Mthwakazi finds itself a region of Zimbabwe today because the ZAPU political elite unilaterally defined the needs and solutions for Mthwakazians. As is now apparent, ZAPU misdiagnosed the problem, lost the Mthwakazi roadmap and botched the treatment. For the renewed chance to rectify Mthwakazi’s political crisis the diagnosis of the problem has to be right, reliable, and precise and so should be the assessment tools and interventions.
The re-emerging Mthwakazi nationalists are an encouraging start yet the civic society response has to date been dismal. The changes that people want will not happen until ideas are put into practice. Civil society must take a greater political role in dictating the direction and speed of the Mthwakazi liberation agenda; politicians must be people’s employees not employers.
Zimbabwe’s systematic repression of Mthwakazi and its citizens is deliberate, comprehensive and efficient. Nationalist movements are right in continually identifying and exposing blatant acts of discrimination against Mthwakazian socioeconomic interests within the unitary Zimbabwe. However, the packaging of the argument by most nationalist organisations can hardly be described as reliable, safe, politically useful and devoid of political opportunism. Misdiagnosis of the problem is of itself a problem. In particular, the political objective and benefits of framing the argument in such a way that Mthwakazians invariably assume the victim status is questionable.
The reductionist method that reduces the cause of Mthwakazi’s problems to ethnic Shona people is a disingenuous and dangerous simplification of a complicated reality. Mthwakazians must defy crude and ruthless politically engineered ethnic polarisation through which the political elite manage civilians for its greater benefit. The nationalist argument purposely misinforms the Mthwakazi public by not distinguishing between the executive and ordinary Shona people when in fact there is a gulf between the two. The nationalist organisations’ argument is guilty of trivialising the significance of unchecked state power on Mthwakazians today; either by design or pure coincidence, the political argument ignores the effect of the balance of power relations within and between the state and the people. People’s focus is quite conveniently diverted from the essential scrutiny on power flows within the political system to the emotive ethnic rivalries. It is telling too that while people favour democracy and more devolution of power, politicians within the nationalist movement are bent on betraying those aspirations by pursuing the misguided restoration of a Ndebele Monarchy over Mthwakazi.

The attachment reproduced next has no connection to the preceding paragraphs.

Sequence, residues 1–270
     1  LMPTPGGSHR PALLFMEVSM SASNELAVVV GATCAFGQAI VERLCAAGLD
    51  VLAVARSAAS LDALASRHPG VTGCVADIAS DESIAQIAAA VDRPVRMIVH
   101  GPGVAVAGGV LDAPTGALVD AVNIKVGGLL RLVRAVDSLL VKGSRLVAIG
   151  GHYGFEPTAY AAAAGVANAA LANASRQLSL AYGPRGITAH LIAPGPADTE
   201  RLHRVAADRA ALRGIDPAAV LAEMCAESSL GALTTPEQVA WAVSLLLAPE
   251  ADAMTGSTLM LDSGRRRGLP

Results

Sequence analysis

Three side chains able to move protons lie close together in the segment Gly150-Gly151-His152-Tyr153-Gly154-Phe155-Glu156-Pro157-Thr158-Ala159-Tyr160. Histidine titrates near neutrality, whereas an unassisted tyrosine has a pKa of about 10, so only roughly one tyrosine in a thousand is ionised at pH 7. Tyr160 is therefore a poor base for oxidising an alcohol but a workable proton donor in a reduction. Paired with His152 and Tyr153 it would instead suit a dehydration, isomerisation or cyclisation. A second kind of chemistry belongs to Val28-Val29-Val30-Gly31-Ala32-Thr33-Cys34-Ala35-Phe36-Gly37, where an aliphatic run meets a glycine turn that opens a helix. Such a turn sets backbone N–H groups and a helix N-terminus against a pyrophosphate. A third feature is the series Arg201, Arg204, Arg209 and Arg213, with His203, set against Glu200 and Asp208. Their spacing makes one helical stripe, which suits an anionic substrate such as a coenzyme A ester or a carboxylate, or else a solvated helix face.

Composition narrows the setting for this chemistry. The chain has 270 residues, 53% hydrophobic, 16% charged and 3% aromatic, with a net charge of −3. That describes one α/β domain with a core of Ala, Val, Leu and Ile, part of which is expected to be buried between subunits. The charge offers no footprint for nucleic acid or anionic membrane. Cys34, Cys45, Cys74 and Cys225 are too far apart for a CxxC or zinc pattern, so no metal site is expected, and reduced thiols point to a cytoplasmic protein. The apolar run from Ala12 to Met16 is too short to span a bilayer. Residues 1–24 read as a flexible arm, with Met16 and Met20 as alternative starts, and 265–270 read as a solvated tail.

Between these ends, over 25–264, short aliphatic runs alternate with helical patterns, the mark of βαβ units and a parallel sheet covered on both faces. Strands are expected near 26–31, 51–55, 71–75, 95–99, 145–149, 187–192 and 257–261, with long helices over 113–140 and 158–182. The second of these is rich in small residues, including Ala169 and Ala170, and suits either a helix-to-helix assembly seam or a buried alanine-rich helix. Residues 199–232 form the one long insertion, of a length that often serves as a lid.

While it is crucial not to overlook your enemy’s abilities and strengths, one need not forget their own. It is rather preposterous for any nationalist movement to expect to appeal to the inner resolve of Mthwakazians’ to break the fear barrier by inadvertently imploring nationals to adopt the victim status! Playing the victim status will never be the engine that drives the revolution but a generation of inhibiting fears. A prime example is the defensive mechanisms that see politicians attributing all of Mthwakazi’s socioeconomic failures, including poor academic achievement to Zimbabwe and ethnic Shona people. It is perfectly fine to uncover real injustices but it would be even better to identify and emphasise Mthwakazi’s strengths and take advantage of opportunities, turn dreams into reality, instead of wallowing in victim status.
Patriotism must not blind people to reality, individuals can be both Shona and Mthwakazian; blindly arguing that Mthwakazians are victims of ethnic Shona people is discriminatory as much as it is misleading. Absolving non Shona Mthwakazian politicians from blame and implying an absence of non Shona Mthwakazian beneficiaries of the Zimbabwean system is politically disingenuous. The reality remains that although mainly dominated by ethnic Shona people, the ZANU PF and Zimbabwean executive has since 1980 been propped by Mthwakazian political elite.
Democracy as conceived by many in Mthwakazi today is primarily politicians’ selective political interpretation of the concept which often decontextualises it hence, it is highly misunderstood. An ignorant population provides fertile ground for political parties and all the brainwashing that goes with them; indeed many people join a political party out of ignorance while the shame of leaving keeps them at the mercy of politicians. The paramount political challenge for the Mthwakazi civil society is therefore to reconstruct the socio-political space and adapt democracy such that it becomes congruent with the pre-existing socio-political structures (e.g. local credit associations, development associations and burial societies). In particular, local and national governance has to be redesigned such that power is effectively shared within and between the political executive and the people.
Organising people for a political cause is not a preserve of political parties. The Mthwakazi agenda will only thrive when the civil society stops waiting for politicians for political solutions. The onus is with people to lead the change they want; Egyptians have shown what people (more than any single political organisation) are capable of, politically. Systematic checks between the state and the people are vital to curb state excesses. Without accountability all that Mthwakazians would have fought for would be lost in smoke by the end of the first parliament. It would be a tragedy were people to allow the benefits of Mthwakazi’s independence to be privatised by the socio-political elite while the burden of its failure was disproportionally socialised.